Discuss Career Pathways
The purpose of this meeting is not just to resolve problems but to discuss career pathways. However, in order to achieve that, you the manager must have a clear understanding of what you want each of your members to achieve. Not only should you motivate them to achieve company goals but also personal goals. Utilize this meeting to give them quarterly personal goals that can be tied to their performance at work. It could be learning a new language, a new skill, a new software or a new program - whatever is needed to get work rolling. This way your team members will not just be achieving company goals but will also enhance their personal career in the right direction. When you assist your team members in being the best versions of themselves, they won’t disappoint you.
Develop the Art of Listening
Managers often make the mistake of using the one on one meeting to dictate their views and opinions instead of actually listening to the candidate. If you use this method, you won’t really be achieving anything positive and would actually override the purpose of a one on one meeting. Develop the art of listening and understand what your team members are going through. Some of them will be blunt and honest and yet some will beat around the bush in the hope that you get the point without them having to be explicit. So during these interviews, not only do you have to develop listening skills, but you may also have to understand personality types and how to handle each of your team members according to their personality.
Build Trust Instead of Distance
It’s important to build trust with your employees and share with them your struggles as a manager too. When you’re transparent, understanding, and willing to develop a certain trust level, you’ll be giving your employees a chance to work with you in collaboration as a unit and as a team. On the other hand, if you are rigid, refuse to trust them, and are constantly using the one on one meeting to pinpoint their flaws or create distance between them, you’re responsible for creating a negative company culture. And when that happens, you will begin to lose out on valuable team members. You definitely don’t want that to happen, which is why the one on one is to be used wisely.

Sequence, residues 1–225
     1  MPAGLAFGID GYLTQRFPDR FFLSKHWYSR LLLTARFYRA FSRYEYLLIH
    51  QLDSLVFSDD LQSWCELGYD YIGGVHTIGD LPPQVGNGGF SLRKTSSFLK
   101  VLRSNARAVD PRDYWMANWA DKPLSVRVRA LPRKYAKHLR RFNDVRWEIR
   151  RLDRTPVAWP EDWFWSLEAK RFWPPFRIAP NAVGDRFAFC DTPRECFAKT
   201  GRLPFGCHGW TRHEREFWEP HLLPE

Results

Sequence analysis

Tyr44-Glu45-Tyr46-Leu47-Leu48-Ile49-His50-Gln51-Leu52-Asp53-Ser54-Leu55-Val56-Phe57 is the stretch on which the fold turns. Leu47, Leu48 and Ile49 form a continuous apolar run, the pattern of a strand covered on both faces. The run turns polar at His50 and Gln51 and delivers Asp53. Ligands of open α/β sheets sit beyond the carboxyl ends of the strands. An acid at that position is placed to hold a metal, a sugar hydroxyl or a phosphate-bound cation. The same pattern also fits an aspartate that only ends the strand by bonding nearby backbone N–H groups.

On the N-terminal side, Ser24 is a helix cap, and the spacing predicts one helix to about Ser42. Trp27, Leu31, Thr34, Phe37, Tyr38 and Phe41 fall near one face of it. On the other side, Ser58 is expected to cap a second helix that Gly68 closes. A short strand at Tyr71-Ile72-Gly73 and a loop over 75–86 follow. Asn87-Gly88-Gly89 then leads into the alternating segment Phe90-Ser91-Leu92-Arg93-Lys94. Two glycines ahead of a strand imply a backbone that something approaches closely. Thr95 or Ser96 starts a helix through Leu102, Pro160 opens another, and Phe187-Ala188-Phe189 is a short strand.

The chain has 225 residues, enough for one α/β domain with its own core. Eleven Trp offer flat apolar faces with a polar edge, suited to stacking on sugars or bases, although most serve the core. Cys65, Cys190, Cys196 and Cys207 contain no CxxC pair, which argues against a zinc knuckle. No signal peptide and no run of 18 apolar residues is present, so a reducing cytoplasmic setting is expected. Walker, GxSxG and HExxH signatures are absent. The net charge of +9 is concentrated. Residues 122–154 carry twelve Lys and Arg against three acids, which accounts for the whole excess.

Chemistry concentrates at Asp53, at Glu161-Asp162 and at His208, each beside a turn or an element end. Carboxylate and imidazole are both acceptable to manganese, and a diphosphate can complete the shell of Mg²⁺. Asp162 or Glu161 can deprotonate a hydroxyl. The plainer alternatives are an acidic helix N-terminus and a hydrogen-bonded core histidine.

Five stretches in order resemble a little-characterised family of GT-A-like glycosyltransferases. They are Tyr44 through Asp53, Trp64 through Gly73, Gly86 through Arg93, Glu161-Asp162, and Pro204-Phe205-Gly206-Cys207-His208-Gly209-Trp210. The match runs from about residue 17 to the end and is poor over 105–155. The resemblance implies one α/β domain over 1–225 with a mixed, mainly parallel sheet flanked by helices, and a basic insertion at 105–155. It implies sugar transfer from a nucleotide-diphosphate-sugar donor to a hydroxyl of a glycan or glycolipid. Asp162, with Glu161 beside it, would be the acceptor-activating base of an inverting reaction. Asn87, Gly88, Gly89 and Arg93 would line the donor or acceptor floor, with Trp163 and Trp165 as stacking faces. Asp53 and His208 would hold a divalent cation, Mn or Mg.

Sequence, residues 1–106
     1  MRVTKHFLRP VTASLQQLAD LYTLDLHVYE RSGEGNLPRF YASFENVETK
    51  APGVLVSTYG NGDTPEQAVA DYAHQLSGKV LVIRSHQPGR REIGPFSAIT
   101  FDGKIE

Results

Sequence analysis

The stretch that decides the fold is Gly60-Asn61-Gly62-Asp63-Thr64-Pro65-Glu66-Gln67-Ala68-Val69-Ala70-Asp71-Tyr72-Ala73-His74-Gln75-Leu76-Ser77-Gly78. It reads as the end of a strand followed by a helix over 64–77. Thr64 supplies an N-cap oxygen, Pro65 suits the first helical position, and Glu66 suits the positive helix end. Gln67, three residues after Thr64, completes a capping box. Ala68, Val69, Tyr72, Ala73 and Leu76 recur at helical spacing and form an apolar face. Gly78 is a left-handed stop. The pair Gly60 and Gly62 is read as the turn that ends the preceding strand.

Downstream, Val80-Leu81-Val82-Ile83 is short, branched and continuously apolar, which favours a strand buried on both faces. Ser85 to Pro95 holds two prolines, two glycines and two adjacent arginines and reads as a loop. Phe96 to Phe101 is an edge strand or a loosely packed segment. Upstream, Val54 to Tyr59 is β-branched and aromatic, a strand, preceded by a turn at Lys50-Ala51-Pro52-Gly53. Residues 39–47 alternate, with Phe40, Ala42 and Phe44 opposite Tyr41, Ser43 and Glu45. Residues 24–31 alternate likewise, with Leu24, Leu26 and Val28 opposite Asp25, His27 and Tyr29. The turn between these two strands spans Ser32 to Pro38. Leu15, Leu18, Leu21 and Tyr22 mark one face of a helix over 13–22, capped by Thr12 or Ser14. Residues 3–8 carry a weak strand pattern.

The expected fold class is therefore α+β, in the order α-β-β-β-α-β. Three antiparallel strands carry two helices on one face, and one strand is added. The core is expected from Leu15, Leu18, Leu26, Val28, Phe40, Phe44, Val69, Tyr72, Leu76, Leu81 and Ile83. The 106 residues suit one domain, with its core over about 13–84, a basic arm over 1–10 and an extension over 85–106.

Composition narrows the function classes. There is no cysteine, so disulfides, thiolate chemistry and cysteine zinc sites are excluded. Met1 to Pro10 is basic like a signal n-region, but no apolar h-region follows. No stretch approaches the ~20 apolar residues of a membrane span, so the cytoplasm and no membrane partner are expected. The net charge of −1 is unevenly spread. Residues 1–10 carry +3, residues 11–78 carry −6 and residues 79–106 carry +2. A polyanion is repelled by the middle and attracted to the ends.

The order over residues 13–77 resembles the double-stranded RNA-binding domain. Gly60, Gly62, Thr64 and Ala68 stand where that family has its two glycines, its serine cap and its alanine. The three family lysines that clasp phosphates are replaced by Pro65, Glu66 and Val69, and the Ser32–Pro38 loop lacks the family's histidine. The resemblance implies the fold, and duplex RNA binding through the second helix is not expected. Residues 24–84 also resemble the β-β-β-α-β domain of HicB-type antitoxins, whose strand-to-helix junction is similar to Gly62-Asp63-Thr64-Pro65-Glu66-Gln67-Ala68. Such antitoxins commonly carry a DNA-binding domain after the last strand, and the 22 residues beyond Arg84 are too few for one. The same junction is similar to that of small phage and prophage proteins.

At the end of the day, as a manager, you are responsible for your employee’s growth because it is closely tied to company objectives. As a rule of thumb, never let your managerial ego or your role as, “THE BOSS,” cloud your judgment or your assessment of the matter. During personal discussions, refrain from office politics, demotivating talks or unnecessary arguments. Maintain a professional stance, have a written record of everything and keep a mindset that is aimed at resolving problems. The more you use the one on ones wisely, the eager your team members will be to report to you their achievements. Gradually, you’ll notice that you wouldn’t even need one on ones except probably once or twice a year to discuss overall achievements.